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David Brooks has been gathering life narratives from…

… a bunch of oldies so the rest of us can avoid their fuckups. From the hundreds of accounts he received, he concludes a bunch of things about how to live happily and well.

One theme that runs through his list is drift. You don’t want to sit around vaguely thinking about yourself all the time; you don’t want to think of time as an aimless flow; and you don’t want to be a “rebel and …outsider. The most miserable of my correspondents fit this mold. They were forever in revolt against the world and ended up sourly achieving little.”

UD thinks that Brooks must mean drifty outsiders, people sort of meaninglessly at odds with their culture. To be meaningfully at odds is to be D.H. Lawrence, George Orwell, Norman Mailer, Morrissey, Christopher Lasch, Christopher Hitchens, Doris Lessing, Lenny Bruce and tons of others who achieved much. Were/are these happy people? Recall what Adam Phillips says:

Sanity involves learning to enjoy conflict, and giving up on all myths of harmony, consistency and redemption… A culture that is obsessed with happiness must really be in despair, mustn’t it? Otherwise why would anybody be bothered about it at all? It’s become a preoccupation because there’s so much unhappiness. The idea that if you just reiterate the word enough … we’ll all cheer up is preposterous… The cultural demand now is be happy, or enjoy yourself, or succeed. You have to sacrifice your unhappiness and your critique of the values you’re supposed to be taking on. You’re supposed to go: ‘Happiness! Yes, that’s all I want!’ But what about justice or reality or ruthlessness – or whatever my preferred thing is?

The reason that there are so many depressed people is that life is so depressing for many people. It’s not a mystery. There is a presumption that there is a weakness in the people who are depressed or a weakness on the part of scientific research and one of these two groups has got to pull its socks up. Scientists have got to get better and find us a drug and the depressed have got to stop malingering. The ethos is: ‘Actually life is wonderful, great – get out there!’ That’s totally unrealistic and it’s bound to fail.

Darwinian psychoanalysis would involve helping you to adapt, find a niche and enable you to reproduce. Freudian psychoanalysis suggests that there is something over and above this. There are parts of ourselves – that don’t want to live, that hate our children, that want ourselves to fail. Freud is saying there is something strange about humans: they are recalcitrant to what is supposed to be their project. That seems to me to be persuasive.

One of the things I value about psychoanalysis is that it acknowledges that there are real difficulties in living, being who one’s going to be, and that no one’s going to be having a lobotomy. There isn’t going to be a radical personal change, which doesn’t mean that people can’t change usefully, but really that psychoanalysis is against magic. Ideally it enables you to realise why you’re prone to believe in magic and why you shouldn’t, because to believe in magic is to attack your own intelligence.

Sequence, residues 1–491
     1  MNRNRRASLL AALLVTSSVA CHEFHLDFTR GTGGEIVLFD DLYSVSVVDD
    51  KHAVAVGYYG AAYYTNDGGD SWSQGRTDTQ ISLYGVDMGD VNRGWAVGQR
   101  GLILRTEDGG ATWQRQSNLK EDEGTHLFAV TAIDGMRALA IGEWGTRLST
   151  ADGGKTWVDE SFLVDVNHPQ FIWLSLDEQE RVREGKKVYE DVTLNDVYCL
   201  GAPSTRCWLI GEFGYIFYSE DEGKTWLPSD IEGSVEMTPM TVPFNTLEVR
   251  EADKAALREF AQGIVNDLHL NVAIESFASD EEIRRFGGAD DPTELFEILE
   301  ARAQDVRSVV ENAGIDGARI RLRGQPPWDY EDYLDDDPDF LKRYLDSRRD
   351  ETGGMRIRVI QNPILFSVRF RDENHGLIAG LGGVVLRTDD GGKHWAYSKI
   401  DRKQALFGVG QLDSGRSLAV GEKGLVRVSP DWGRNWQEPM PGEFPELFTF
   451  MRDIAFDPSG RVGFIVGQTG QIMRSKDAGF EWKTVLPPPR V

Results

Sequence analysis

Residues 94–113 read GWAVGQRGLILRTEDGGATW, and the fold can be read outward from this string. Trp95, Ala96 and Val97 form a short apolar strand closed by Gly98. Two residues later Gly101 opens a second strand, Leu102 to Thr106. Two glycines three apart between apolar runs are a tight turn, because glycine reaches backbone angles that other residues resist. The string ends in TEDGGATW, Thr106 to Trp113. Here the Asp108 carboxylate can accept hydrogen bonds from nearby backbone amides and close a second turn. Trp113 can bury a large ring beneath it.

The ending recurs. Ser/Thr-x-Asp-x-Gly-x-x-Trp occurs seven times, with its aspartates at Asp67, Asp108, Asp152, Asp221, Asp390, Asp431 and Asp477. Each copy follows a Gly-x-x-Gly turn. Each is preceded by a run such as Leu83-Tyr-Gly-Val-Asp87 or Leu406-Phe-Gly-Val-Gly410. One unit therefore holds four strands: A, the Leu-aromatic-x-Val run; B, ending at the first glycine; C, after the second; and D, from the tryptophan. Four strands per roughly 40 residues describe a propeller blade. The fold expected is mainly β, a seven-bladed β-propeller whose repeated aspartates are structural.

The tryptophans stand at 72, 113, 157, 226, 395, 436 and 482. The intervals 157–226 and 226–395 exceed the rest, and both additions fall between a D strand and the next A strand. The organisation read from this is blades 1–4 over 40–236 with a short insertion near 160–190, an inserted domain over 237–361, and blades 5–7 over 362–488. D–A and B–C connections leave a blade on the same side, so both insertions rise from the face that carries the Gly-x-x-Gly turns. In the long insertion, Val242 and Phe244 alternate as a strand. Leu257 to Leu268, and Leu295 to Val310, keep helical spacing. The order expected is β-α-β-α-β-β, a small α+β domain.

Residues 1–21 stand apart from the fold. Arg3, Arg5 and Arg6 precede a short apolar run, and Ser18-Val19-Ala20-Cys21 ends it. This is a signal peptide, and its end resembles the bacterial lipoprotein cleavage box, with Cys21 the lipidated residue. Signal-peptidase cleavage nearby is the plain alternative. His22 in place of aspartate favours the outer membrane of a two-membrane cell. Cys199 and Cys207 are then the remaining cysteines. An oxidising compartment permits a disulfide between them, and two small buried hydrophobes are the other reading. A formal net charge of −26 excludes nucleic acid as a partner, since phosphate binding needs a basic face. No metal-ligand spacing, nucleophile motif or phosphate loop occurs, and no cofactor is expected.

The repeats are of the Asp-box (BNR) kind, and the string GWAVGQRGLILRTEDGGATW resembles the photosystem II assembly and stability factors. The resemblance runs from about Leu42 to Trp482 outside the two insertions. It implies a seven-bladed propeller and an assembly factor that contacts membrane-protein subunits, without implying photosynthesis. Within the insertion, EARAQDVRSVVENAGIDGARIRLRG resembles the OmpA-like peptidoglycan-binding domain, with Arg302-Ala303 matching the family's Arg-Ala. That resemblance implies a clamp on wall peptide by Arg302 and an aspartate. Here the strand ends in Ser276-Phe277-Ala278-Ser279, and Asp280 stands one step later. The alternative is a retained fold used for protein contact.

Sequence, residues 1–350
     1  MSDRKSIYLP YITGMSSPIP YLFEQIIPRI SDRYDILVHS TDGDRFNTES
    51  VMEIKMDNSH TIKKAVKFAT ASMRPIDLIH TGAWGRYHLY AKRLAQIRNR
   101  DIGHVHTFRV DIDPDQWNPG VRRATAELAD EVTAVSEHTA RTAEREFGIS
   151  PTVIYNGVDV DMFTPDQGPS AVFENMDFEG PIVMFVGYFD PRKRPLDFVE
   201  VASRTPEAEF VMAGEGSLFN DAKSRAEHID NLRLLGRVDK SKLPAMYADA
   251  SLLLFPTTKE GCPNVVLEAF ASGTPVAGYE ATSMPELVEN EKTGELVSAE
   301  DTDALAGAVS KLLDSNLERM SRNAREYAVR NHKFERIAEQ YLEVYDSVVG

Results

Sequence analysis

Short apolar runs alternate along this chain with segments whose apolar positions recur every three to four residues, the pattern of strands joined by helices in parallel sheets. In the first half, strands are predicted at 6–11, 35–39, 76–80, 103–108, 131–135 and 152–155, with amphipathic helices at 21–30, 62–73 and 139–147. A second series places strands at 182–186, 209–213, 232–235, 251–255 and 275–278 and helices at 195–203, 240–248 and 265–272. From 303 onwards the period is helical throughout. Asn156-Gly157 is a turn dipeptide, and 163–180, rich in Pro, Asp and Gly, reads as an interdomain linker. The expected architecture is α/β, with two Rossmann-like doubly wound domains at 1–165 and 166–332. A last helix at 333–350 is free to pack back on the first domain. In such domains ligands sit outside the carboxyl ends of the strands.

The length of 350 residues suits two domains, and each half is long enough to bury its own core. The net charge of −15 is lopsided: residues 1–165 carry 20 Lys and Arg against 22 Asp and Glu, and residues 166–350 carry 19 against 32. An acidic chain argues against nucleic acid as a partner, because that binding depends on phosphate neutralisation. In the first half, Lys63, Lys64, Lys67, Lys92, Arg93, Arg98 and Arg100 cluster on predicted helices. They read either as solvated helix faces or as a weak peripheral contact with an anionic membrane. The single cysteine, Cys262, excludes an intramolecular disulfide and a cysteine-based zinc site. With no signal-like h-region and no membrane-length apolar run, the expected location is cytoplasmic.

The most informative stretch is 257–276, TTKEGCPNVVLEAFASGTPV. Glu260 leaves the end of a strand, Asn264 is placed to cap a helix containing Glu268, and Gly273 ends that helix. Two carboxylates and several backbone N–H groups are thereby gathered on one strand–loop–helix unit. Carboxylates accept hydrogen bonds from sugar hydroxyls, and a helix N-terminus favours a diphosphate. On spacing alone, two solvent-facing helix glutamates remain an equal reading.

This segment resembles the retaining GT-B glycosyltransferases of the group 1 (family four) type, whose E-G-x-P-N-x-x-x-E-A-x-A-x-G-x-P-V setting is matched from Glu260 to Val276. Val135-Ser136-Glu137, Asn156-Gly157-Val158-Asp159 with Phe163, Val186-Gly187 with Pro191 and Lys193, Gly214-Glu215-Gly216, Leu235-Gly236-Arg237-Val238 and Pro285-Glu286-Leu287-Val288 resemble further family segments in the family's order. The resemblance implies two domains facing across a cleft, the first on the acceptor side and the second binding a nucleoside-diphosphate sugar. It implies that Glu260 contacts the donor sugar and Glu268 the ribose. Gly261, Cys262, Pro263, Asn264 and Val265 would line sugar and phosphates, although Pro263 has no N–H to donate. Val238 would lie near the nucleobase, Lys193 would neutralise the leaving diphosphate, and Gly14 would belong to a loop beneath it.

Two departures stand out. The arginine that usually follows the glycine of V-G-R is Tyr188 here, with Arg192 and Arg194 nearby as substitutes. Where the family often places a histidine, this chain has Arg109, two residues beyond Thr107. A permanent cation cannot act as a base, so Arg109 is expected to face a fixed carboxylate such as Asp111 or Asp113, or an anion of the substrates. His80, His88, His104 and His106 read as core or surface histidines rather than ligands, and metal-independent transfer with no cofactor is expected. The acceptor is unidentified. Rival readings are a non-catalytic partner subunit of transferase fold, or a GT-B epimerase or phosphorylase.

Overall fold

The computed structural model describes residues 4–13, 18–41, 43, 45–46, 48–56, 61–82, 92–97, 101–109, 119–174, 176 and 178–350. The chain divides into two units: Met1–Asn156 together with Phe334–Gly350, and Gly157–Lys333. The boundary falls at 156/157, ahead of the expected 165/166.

[S]uffering is not essential. It’s just unavoidable. All forms of suffering are bad but some are unavoidable. We need to come to terms with them or be able to bear them. …[Y]ou really did have those parents, you really did make of it what you made of it, you really did have those siblings, really did grow up in that economic climate. These are all hard difficult facts. Redescribed, they can be modified, things can evolve. But it isn’t magic.

Happiness is fine as a side effect. It’s something you may or may not acquire, in terms of luck. But I think it’s a cruel demand. It may even be a covert form of sadism. Everyone feels themselves prone to feelings and desires and thoughts that disturb them. And we’re being persuaded that by acts of choice, we can dispense with these thoughts. It’s a version of fundamentalism. [H]appiness is the most conformist of moral aims. For me, there’s a simple test here. Read a really good book on positive psychology, and read a great European novel. And the difference is evident in one thing — the complexity and subtlety of the moral and emotional life of the characters in the European novel are incomparable. Read a positive-psychology book, and what would a happy person look like? He’d look like a Moonie. He’d be empty of idiosyncrasy and the difficult passions.

Margaret Soltan, November 30, 2011 8:53AM
Posted in: how to make ud happy

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3 Responses to “David Brooks has been gathering life narratives from…”

  1. dmf Says:

    let me know when Brook’s discovers a truism that doesn’t confirm his predispositions…

  2. jim Says:

    I hope I’ve not lived a life of which Brooks approves. That would be depressing.

  3. University Diaries » “Unwittingly, the DSM-5 revisionists are contributing to an impoverishment of meaning…” Says:

    […] and Statistical sampler, bursting with psychiatric diagnoses for everyone in the house. Like Adam Phillips (“[H]appiness is the most conformist of moral aims. For me, there’s a simple test here. […]

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